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Am J Cardiol. 2011 Jun 1;107(11):1698-701. doi: 10.1016/j.amjcard.2011.01.056. Epub 2011 Mar 23.

Efficacy and safety of transient ulnar artery compression to recanalize acute radial artery occlusion after transradial catheterization.

Author information

1
University Hospital and Faculty of Medicine, Pilsen, Czech Republic. ivobernat@gmail.com

Abstract

Radial artery occlusion (RAO) can result from transradial catheterization. We compared the incidence of RAO with 2 heparin dosage regimens after transradial coronary angiography, and we evaluated the efficacy and safety of transient homolateral ulnar artery compression to achieve acute radial artery recanalization. Patients referred for coronary angiography were randomized to very-low-dose heparin (2,000 IU) or low-dose heparin (5,000 IU). On sheath removal, hemostasis was obtained using the TR band with a plethysmography-guided patent hemostasis technique. In the case of RAO as assessed by duplex ultrasonography 3 to 4 hours after hemostasis, immediate 1-hour ulnar artery compression was applied. Hematomas >15 cm(2) were also assessed. We randomized 465 patients, 222 in the 2,000-IU group and 243 in the 5,000-IU group. The baseline and procedural characteristics were comparable in both groups. The incidence of initial RAO was 5.9% in the 2,000-IU group and 2.9% in the 5,000-IU group (p = 0.17), with a compression time of 2.10 ± 0.78 hours and 2.25 ± 0.82 hours, respectively (p = 0.051). After ulnar artery compression, the final incidence of RAO was 4.1% in the 2,000-IU group and 0.8% in the 5,000-IU group (p = 0.03). The incidence of local hematoma was 2.3% and 3.7% in the 2,000- and 5,000-IU groups, respectively (p = 0.42). In conclusion, acute RAO after transradial catheterization can be recanalized by early 1-hour homolateral ulnar artery compression. This simple nonpharmacologic method was effective and safe in patients with very-low- and low-dose heparin. Nevertheless, the incidence of final RAO remained significantly lower after a higher anticoagulation level.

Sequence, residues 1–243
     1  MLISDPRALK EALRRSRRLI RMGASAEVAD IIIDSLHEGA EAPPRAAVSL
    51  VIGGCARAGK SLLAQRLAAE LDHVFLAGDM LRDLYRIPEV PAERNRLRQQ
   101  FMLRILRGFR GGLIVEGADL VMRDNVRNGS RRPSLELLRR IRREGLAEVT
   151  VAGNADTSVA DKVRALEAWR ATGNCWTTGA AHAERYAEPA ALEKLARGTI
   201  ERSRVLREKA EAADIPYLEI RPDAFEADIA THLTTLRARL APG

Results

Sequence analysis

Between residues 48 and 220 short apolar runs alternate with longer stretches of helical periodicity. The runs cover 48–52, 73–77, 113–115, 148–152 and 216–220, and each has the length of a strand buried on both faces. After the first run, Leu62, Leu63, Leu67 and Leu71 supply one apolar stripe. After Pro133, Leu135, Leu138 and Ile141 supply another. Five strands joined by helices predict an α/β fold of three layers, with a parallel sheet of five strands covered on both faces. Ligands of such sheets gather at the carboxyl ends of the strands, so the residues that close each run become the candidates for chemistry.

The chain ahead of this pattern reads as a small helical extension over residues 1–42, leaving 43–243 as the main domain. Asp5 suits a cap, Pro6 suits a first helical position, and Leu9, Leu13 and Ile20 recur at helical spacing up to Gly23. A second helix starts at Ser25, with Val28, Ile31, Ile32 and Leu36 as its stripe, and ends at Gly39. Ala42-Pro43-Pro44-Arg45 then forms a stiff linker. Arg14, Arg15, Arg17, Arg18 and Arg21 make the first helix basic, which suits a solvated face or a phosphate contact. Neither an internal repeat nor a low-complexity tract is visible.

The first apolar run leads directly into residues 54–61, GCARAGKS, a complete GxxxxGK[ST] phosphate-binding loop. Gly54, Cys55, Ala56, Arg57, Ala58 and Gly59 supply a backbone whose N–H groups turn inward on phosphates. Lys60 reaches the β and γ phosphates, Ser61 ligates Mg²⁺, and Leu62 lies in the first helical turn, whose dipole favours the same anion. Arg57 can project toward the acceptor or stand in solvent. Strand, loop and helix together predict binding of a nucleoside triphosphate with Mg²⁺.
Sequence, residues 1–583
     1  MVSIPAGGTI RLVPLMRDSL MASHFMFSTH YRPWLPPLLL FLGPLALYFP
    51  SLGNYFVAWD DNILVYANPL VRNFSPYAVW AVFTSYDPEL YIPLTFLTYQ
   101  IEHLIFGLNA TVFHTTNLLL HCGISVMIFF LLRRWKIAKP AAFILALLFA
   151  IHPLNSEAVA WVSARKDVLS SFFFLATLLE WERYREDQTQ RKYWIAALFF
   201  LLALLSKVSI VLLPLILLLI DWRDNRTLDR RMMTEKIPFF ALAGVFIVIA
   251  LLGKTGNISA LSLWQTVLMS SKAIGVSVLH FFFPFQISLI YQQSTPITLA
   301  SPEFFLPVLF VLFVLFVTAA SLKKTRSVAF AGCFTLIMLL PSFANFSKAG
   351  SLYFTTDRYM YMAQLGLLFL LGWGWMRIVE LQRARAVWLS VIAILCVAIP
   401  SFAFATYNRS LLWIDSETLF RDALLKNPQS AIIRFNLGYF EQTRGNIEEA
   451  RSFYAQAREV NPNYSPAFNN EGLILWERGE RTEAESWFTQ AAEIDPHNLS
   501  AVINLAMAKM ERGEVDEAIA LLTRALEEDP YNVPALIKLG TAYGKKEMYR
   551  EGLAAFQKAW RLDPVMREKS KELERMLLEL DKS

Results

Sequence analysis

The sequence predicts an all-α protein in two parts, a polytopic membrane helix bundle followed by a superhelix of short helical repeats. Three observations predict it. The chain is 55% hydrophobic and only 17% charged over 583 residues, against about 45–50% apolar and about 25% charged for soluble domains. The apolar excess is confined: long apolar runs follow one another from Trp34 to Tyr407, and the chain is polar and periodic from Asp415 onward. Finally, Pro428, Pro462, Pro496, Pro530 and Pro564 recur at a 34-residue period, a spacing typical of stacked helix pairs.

PMID:
21439528
DOI:
10.1016/j.amjcard.2011.01.056
[Indexed for MEDLINE]

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